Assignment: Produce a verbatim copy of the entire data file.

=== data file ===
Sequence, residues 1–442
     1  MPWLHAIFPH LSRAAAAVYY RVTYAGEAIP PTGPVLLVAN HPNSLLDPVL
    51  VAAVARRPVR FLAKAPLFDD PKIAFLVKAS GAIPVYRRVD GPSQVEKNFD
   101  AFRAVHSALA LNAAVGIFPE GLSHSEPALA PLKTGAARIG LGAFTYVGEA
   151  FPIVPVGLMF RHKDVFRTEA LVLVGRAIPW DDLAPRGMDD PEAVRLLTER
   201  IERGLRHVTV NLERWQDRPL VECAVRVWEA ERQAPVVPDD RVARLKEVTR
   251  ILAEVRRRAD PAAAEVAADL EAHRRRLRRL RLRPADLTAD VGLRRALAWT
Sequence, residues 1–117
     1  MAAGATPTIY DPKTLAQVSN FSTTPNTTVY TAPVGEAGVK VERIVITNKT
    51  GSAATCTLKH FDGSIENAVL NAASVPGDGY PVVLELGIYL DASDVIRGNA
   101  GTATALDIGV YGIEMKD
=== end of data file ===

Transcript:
Sequence, residues 1–442
     1  MPWLHAIFPH LSRAAAAVYY RVTYAGEAIP PTGPVLLVAN HPNSLLDPVL
    51  VAAVARRPVR FLAKAPLFDD PKIAFLVKAS GAIPVYRRVD GPSQVEKNFD
   101  AFRAVHSALA LNAAVGIFPE GLSHSEPALA PLKTGAARIG LGAFTYVGEA
   151  FPIVPVGLMF RHKDVFRTEA LVLVGRAIPW DDLAPRGMDD PEAVRLLTER
   201  IERGLRHVTV NLERWQDRPL VECAVRVWEA ERQAPVVPDD RVARLKEVTR
   251  ILAEVRRRAD PAAAEVAADL EAHRRRLRRL RLRPADLTAD VGLRRALAWT
Sequence, residues 1–117
     1  MAAGATPTIY DPKTLAQVSN FSTTPNTTVY TAPVGEAGVK VERIVITNKT
    51  GSAATCTLKH FDGSIENAVL NAASVPGDGY PVVLELGIYL DASDVIRGNA
   101  GTATALDIGV YGIEMKD